... the sweetest sensations in the world is that of a man who has just escaped the fantastic terrors of night mare; and who, awaking, his fore head bathed with icy sweat, says to himself, "It was only a dream!" This was, in some degree, the impression which Camors felt on awaking, the morning after his arrival at Reuilly, when his first glance fell on the sunlight streaming over the foliage, and when he heard beneath his window ...
— Serge Panine • Georges Ohnet

... in any country in Europe without a thrill. Few do it now without a thrill, for that matter. The young man, modestly in the background, as was proper, leaned forward in his saddle and stared at the approaching men and the figure to the fore. So this was the great Bonaparte? He longed earnestly ...
— The Eagle of the Empire - A Story of Waterloo • Cyrus Townsend Brady

... from us, bound us afresh but not very tightly, and set us with our backs against the gunwale of the fore deck of the ship they had us on board, which was that with the raven flag. Over us towered a wonderful carven dragon's head, painted green and gilded, and at the stern of the ship rose what was meant for its carven ...
— A King's Comrade - A Story of Old Hereford • Charles Whistler

... again, she bare the Cyclopes, overbearing in spirit, Brontes, and Steropes and stubborn-hearted Arges [1606], who gave Zeus the thunder and made the thunderbolt: in all else they were like the gods, but one eye only was set in the midst of their fore-heads. And they were surnamed Cyclopes (Orb-eyed) because one orbed eye was set in their foreheads. Strength and might and craft were in ...
— Hesiod, The Homeric Hymns, and Homerica • Homer and Hesiod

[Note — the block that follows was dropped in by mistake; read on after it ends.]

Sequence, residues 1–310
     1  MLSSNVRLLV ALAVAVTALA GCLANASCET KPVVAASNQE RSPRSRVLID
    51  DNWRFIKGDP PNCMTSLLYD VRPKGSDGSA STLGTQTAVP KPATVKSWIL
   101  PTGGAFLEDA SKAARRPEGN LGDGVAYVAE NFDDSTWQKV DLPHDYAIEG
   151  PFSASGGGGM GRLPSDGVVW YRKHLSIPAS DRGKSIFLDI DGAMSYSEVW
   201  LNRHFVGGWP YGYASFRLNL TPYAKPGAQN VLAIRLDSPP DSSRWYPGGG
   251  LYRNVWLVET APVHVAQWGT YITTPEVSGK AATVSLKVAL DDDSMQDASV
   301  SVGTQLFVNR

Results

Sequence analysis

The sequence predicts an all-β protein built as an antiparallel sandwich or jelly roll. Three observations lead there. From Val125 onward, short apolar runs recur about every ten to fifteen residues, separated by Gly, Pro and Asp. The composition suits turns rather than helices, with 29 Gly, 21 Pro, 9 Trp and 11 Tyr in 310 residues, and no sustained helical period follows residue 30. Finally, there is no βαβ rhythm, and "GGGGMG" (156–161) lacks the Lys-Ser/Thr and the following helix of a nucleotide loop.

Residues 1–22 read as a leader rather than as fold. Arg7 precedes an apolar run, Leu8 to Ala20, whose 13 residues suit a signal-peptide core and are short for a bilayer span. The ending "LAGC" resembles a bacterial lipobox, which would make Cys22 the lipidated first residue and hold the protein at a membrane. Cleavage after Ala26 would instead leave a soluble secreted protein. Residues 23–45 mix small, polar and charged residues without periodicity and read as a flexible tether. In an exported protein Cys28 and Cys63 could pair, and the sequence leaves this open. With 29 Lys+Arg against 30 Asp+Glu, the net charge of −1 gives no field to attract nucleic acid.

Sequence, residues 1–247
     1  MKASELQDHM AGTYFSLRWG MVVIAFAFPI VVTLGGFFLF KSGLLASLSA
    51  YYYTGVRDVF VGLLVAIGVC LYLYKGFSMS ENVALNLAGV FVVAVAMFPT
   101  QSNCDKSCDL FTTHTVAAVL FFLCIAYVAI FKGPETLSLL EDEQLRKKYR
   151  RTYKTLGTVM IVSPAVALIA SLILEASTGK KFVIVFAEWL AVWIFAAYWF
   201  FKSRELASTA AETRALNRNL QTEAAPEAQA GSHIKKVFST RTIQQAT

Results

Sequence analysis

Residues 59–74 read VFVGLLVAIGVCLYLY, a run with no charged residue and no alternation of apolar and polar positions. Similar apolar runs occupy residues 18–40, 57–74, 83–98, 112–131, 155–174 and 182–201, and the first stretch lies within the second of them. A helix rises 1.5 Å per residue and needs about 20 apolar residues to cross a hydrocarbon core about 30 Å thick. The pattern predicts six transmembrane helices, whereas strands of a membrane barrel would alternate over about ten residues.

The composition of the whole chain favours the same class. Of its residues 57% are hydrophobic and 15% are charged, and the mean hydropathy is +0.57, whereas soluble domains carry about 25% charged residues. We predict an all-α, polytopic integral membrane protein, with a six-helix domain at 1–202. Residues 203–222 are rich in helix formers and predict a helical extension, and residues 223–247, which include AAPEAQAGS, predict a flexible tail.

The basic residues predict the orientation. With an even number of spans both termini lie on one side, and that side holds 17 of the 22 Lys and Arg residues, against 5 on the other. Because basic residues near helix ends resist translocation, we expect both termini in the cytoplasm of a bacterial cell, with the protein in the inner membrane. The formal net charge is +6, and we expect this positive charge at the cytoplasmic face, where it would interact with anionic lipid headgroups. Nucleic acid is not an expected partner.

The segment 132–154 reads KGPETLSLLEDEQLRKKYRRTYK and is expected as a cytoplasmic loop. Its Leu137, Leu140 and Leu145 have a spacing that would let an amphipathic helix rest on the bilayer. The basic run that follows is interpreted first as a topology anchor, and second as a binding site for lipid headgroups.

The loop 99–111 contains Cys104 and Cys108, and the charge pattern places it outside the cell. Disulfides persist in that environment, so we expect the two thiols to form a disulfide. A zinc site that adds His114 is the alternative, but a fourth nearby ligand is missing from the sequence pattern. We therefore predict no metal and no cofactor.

... outrance[obs3]. throughout; from first to last, from beginning to end, from end to end, from one end to the other, from Dan to Beersheba, from head to foot, from top to toe, from top to bottom, de fond en comble[Fr]; a fond, a capite ad calcem [Lat], ab ovo usque ad mala[Lat], fore and aft; every, whit, every inch; cap-a-pie, to the end of the chapter; up to the brim, up to the ears, up to the eyes; as . . . as can be. on all accounts;,sous tous les rapports[Fr]; with a vengeance, with a witness. Phr. falsus ...
— Roget's Thesaurus

... neck of a mule, when he would immediately go to the length of his tether, first one end, then the other in the air. While he was thus plunging and gyrating, another lasso would be thrown by another Mexican, catching the animal by a fore-foot. This would bring the mule to the ground, when he was seized and held by the teamsters while the blacksmith put upon him, with hot irons, the initials "U. S." Ropes were then put about the neck, with a slipnoose which would tighten around the throat ...
— Personal Memoirs of U. S. Grant, Complete • Ulysses S. Grant

... felt it in my bones dat Mass'r James is r'ally dead, for sartin.' Now I feels tings gin'ally, but some tings I feels in my bones, an' dem allers comes true. An' dat ar's a feelin' I ha'n't had 'bout Mass'r Jim yit, an' dat ar's what I'm waitin' for 'fore I clar make up my mind. Though I know, 'cordin' to all white folks' way o' tinkin', dar a'n't no hope, 'cause Squire Marvyn he had dat ar Jeduth Pettibone up to his house, a-questionin' on him, off an' on, nigh about tree hours. An' r'ally I didn't see no hope no way, 'xcept jes' dis yer, ...